It’s coming around again. The holiday that one person can dread like the pit of hell itself, but another family member anticipates and salivates for the previous three hundred and sixty-four days before it arrives. “Food, man! Lots and lots of good stuff!”

From the stories we have heard from many families, here is an example of how it can go.

Mom sighs as she takes the clean dishes out of the dishwasher, her whiny thoughts circling like a hamster on a cyclone-driven treadmill. “Here we go again. Jim’s gonna argue against going to Mom’s for dinner this year. For once, why can’t he just play fair? We’ve ended up at his brother’s house a whole bunch more than my Mom’s.”

Deciding to try to get the kids on her side, she grins as she imagines talking to eight-year-old Toby about Thanksgiving. No question, his reaction to going to Grandma Tullie’s would be met with enthusiastic approval. “Cool! Grandma fixes the best mac and cheese on th’ planet! Plus, she has that pen of goats, and all those chickens! Let’s get there early ‘nuff I can try to catch one.”

But thinking about Amy’s response sent her emotions spiraling back downward. She could just hear her sixteen-year old’s disgusted response, “Mommmm, you have got to be kidding. Ain’t no freakin’ way in this lifetime I’m goin’ back to that stupid filthy farm again! So lame. And besides, I already told you guys, I have to be at Hannah’s for her party that night. Forget it!”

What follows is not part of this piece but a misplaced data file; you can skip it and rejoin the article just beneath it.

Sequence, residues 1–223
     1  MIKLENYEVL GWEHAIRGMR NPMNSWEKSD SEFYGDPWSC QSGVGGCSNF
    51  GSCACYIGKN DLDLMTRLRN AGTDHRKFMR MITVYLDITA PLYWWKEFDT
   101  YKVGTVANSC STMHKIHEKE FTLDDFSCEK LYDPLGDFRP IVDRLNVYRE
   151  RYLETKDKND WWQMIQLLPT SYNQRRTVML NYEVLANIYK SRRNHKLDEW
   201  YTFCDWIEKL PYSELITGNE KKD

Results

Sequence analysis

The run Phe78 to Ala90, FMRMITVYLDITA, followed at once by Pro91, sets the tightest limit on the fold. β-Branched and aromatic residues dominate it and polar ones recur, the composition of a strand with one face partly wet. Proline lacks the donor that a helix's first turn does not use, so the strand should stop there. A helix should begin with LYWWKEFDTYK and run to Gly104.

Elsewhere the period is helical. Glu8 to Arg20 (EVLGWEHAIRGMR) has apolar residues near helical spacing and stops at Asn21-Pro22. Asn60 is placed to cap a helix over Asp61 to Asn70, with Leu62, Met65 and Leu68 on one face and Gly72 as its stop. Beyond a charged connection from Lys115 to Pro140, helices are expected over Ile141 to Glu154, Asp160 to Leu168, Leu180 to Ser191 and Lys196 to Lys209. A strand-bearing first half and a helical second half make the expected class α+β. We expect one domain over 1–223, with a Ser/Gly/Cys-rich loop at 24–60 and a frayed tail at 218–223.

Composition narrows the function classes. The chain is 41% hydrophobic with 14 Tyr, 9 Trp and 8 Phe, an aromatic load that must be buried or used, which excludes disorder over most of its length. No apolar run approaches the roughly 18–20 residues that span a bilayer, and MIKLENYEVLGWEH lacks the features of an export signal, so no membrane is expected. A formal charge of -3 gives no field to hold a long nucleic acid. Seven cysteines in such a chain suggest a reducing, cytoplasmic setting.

That evening her husband shuffled into the house after work and slumped in his favorite chair. Tired to the bone, ready to eat and watch his favorite show, then hit the sack. Knowing that discussing Thanksgiving Day plans would be last thing he would want to do, nevertheless, she gingerly approached the lion in his den.

Jim erupts in frustration the second she broaches the subject. “Good grief, Amanda, can’t I have a few minutes of peace before you hit me with this? And I’m gonna tell you what I tell you every blasted year. I don’t want to have to drive four hours to get to your mother’s, eat her fancy-ancy food on her stupid fancy-ancy china, and then drive four hours back home. Besides, ya’ know darned good and well my team is playing our biggest rival that afternoon. I’d miss the whole game just sittin’ in the car. No way. Let’s just do what works. We can walk over to my brother’s house, eat barbeque, and see the game on his big screen. Period. No more discussion.”

Game over. Everybody loses.

Any of this seem familiar?

Folks, it’s time to return to the real meaning of Thanksgiving. A special day to be grateful to the Creator who loves and protect us, and a day to put family first. Not the Big Game, friends’ parties, chasing chickens, or your own self-centered desires.

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